In 1983, Glenn contributed $2,000 to an Individual Retirement Account which he had opened on petitioner's behalf. In addition, Glenn generally provided for household expenses during 1983 and 1984 and made monthly mortgage payments of $1,719.38 on the Alkire Lake residence. Annual estimated personal and family expenses were $43,198 for 1982, $43,748 for 1983 and $44,308 for 1984.
Petitioner was employed as an automobile title clerk for Harris County in Houston, Texas. Petitioner earned wages of $14,704 and $10,386.56 during 1982 and 1984, respectively. From a review of the Form 1040 filed for the taxable year 1983, it appears that petitioner earned wages of $15,145 during 1983.
Throughout the period in question, petitioner was aware that Glenn was in the roofing business through Porter Construction. However, petitioner was not aware of any specifics of the operation of Porter Construction or of the financial condition of the firm.
Petitioner was aware of her obligation to file Federal income tax returns and to pay tax. For years prior to 1982, petitioner and Glenn filed separate Federal income tax returns.
Petitioner filed delinquent, joint Federal income tax returns with Glenn for the taxable years 1982 and 1983, reporting losses of $97,480 and $123,433, respectively. The 1982 return was filed on May 30, 1984, while the 1983 return was filed on September 10, 1986. The returns were prepared by a bookkeeper employed by Glenn.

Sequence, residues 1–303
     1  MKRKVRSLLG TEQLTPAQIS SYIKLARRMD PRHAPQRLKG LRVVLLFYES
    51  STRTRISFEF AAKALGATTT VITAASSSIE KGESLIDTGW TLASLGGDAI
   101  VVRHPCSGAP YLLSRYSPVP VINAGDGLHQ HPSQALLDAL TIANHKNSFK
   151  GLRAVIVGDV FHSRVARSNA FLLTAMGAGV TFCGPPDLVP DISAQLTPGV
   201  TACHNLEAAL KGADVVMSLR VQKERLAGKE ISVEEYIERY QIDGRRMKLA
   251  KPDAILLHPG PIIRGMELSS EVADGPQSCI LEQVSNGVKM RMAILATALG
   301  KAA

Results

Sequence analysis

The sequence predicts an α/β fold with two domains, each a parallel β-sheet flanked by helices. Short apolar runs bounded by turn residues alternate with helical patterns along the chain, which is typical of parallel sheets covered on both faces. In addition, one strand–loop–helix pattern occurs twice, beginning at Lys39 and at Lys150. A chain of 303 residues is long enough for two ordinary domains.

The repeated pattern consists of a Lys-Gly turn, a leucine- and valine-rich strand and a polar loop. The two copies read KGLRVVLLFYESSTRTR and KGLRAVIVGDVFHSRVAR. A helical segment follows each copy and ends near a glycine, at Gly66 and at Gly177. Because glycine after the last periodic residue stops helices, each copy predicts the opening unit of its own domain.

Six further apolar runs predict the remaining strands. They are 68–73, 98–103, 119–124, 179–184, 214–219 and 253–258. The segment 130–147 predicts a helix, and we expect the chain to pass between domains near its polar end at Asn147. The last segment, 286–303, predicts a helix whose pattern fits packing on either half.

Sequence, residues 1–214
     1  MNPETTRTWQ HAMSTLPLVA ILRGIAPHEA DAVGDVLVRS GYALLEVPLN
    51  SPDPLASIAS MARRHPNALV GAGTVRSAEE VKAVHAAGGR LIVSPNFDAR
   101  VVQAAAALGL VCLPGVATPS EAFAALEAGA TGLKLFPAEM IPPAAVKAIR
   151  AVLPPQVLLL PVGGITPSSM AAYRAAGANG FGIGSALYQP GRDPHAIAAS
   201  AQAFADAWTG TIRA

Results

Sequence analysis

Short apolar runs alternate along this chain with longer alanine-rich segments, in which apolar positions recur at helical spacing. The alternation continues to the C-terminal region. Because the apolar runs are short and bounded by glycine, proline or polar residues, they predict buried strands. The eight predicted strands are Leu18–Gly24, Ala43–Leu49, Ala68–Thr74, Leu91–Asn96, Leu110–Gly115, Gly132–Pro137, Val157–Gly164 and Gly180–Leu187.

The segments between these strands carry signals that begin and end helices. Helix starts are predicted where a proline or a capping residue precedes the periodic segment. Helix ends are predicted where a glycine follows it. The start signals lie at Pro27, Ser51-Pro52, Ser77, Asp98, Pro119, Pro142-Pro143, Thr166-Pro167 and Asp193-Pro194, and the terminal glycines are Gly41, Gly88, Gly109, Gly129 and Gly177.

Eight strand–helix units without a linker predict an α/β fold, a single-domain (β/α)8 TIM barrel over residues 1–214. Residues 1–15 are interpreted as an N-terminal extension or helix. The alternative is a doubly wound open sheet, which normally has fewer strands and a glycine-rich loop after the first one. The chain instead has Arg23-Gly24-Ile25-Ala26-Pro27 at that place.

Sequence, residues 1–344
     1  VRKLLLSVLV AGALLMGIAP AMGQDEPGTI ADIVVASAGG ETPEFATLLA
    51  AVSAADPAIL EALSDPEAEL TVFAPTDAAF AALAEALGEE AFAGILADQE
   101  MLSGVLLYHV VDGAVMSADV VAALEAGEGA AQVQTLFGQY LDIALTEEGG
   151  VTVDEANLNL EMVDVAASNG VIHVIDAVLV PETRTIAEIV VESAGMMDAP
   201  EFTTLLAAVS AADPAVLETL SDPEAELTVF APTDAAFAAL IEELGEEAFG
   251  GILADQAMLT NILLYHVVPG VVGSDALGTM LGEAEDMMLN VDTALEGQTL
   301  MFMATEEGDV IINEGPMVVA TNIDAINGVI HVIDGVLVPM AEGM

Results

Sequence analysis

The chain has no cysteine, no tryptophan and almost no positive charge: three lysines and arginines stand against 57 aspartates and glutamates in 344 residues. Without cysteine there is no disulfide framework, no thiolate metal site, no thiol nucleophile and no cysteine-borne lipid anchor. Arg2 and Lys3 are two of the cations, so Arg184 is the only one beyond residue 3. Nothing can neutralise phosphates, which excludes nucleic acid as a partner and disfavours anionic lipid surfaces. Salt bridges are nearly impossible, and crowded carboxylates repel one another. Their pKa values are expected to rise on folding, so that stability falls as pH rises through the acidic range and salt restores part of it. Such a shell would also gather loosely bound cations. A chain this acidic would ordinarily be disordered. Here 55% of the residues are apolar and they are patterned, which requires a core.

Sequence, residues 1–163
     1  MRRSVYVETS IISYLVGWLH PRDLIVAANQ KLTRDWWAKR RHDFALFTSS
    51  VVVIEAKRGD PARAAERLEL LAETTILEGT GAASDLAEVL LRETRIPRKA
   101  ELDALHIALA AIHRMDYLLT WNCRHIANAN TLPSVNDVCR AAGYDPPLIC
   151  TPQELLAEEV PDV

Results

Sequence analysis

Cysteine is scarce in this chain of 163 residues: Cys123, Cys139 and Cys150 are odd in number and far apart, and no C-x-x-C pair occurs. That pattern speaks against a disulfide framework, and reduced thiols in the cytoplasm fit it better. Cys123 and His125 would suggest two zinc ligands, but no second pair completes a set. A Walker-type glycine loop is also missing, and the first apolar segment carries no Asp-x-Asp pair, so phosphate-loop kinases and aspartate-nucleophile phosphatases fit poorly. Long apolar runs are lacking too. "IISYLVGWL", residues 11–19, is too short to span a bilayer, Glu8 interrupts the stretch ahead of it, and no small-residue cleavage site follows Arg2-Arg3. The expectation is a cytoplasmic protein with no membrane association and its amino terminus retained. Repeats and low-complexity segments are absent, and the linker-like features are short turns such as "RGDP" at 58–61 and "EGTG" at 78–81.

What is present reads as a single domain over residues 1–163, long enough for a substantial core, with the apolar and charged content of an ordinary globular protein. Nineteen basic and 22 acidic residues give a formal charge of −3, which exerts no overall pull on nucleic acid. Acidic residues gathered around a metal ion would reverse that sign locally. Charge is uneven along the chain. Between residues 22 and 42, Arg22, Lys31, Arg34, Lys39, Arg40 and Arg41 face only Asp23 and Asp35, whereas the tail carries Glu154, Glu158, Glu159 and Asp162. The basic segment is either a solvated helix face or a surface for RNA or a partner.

Petitioner relied on Glenn and the bookkeeper to properly prepare and file Federal income tax returns during the years in issue. In this regard, petitioner did not review the returns in question when they were presented to her for signing.
Petitioner assumed that she had filed a joint return with Glenn for the taxable year 1984. However, no such return was filed.
In 1985, the Internal Revenue Service instituted an examination concerning the Schedule C losses claimed with respect to Porter Construction for the years in issue. Petitioner was cooperative throughout the course of the examination.
In the course of the examination it became evident that the books and records maintained by Porter Construction were inadequate to permit the revenue agent to determine whether Porter Construction experienced the losses claimed on the returns under review. Accordingly, the revenue agent found it necessary to reconstruct the firm's income and expenditures through indirect methods.
Porter Construction maintained an operating account with Southwestern Bank in Houston, Texas (Southwestern account). Petitioner's signature was added to this account on January 19, 1980.